Working with partners and community groups, the SSMP team created a strategic vision for delivering dust suppression and habitat projects in the remaining years of the SSMP Phase I: 10-Year Plan.

In addition to planning and implementing the Species Conservation Habitat (SCH) project and interim dust suppression projects,  the state team, along with the U.S. Army Corps of Engineers Los Angeles District, initiated the Corps’ National Environmental Policy Act (NEPA) review process for authorizing projects proposed by the Salton Sea Management Program Phase I: 10-year Plan. The team also contracted with the University of California, Santa Cruz, to facilitate an Independent Review Panel to perform a feasibility assessment of water importation concepts to help inform long-range planning beyond Phase I.

The U.S. Army Corps of Engineers Los Angeles District (Corps) released a Public Notice March 22, 2021, that initiates the Corps’ National Environmental Policy Act (NEPA) review process for authorizing projects proposed by the Salton Sea Management Program Phase I: 10-year Plan. The Public Notice provides information on how to submit written comments, and may be viewed in both English and Spanish language versions at the Corps website.

The Corps Public Notice describes the draft project description as addressing the 29,800 acres of habitat and dust suppression projects identified in the SSMP Phase I: 10-year Plan, including several proposed projects such as the North Lake Demonstration Project, a larger North Lake concept, the Desert Shores Channel Restoration Project, the Audubon Wetland Restoration Project, as well as a Watershed Plan component, and Dust Suppression Action Plan projects. At least 14,900 acres of SSMP 10-year Plan projects would be aquatic habitat restoration projects that convert exposed lakebed to either pond habitat suitable for fish and wildlife or to wetland habitats. Dust suppression projects would address fugitive dust emissions but may also have habitat benefits. Many of the projects under consideration would require Federal agency authorizations, including permits from the Corps.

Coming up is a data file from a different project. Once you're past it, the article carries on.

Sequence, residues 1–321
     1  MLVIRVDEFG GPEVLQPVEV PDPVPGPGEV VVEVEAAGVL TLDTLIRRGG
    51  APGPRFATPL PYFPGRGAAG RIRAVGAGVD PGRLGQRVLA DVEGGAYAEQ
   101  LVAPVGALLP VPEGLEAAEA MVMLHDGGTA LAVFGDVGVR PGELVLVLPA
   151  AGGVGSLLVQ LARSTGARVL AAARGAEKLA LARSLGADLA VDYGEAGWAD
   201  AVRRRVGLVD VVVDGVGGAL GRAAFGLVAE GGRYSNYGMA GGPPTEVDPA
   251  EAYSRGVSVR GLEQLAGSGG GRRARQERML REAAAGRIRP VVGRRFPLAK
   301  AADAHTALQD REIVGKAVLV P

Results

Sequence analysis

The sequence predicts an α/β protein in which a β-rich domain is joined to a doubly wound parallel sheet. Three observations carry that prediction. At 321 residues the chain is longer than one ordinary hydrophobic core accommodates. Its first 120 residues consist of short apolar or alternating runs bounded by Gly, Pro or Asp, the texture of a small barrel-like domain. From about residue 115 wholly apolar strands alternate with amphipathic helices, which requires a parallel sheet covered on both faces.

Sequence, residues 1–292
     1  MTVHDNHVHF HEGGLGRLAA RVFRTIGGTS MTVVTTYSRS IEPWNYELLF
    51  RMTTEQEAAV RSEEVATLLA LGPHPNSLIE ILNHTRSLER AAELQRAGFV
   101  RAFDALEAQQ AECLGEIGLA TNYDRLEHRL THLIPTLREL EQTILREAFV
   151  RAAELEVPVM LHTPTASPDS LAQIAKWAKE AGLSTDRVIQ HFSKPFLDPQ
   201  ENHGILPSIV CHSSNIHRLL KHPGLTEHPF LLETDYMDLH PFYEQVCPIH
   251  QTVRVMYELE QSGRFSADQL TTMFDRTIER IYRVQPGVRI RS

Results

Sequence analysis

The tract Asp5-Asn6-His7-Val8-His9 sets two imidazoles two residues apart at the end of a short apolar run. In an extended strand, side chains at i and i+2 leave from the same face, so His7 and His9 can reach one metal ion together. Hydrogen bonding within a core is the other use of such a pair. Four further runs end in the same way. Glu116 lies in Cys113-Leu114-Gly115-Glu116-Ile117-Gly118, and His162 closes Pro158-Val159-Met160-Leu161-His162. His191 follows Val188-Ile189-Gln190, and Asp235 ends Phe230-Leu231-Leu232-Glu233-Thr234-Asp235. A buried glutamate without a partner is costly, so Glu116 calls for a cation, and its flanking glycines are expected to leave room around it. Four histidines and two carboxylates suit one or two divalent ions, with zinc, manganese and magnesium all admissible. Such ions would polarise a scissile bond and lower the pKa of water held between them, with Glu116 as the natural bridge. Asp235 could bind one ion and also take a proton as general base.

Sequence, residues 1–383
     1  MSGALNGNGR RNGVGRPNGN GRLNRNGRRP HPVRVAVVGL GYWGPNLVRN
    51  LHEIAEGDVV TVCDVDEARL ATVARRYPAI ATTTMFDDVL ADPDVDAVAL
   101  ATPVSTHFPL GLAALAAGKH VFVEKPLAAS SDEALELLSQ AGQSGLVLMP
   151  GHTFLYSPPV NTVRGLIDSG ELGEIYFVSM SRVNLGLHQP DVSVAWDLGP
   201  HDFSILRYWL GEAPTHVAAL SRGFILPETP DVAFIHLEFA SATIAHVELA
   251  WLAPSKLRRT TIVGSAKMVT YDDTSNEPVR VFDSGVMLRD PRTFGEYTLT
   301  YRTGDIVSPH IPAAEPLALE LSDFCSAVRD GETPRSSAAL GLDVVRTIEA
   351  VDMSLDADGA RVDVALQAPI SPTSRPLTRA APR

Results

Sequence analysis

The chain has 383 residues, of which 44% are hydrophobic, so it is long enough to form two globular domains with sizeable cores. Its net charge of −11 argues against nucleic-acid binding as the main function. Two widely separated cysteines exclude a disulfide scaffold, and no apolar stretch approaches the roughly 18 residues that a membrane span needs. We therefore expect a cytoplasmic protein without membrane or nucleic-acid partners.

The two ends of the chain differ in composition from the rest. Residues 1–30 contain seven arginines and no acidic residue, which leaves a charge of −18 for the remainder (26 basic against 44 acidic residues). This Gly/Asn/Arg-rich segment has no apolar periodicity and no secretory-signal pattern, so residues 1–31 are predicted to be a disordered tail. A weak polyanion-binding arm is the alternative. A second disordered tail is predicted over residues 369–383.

The Corps is the lead Federal agency for the NEPA review process related to its permitting authority under Section 404 of the Clean Water Act. The Corps invited other Federal agencies to participate as cooperating agencies in the preparation of an environmental assessment. To provide comments or request additional information, please follow the link in the Corps public notice for further instructions.

Last fall, the SSMP team hosted three public workshops and a 30-day written comment period to solicit input to inform a revised project description, which was in turn submitted to the Corps to initiate the NEPA process. Comments received during the State’s public review, along with the current updated draft project description can be found below as well as earlier documents.

The Corps anticipates releasing its draft NEPA document for public review and comment this summer.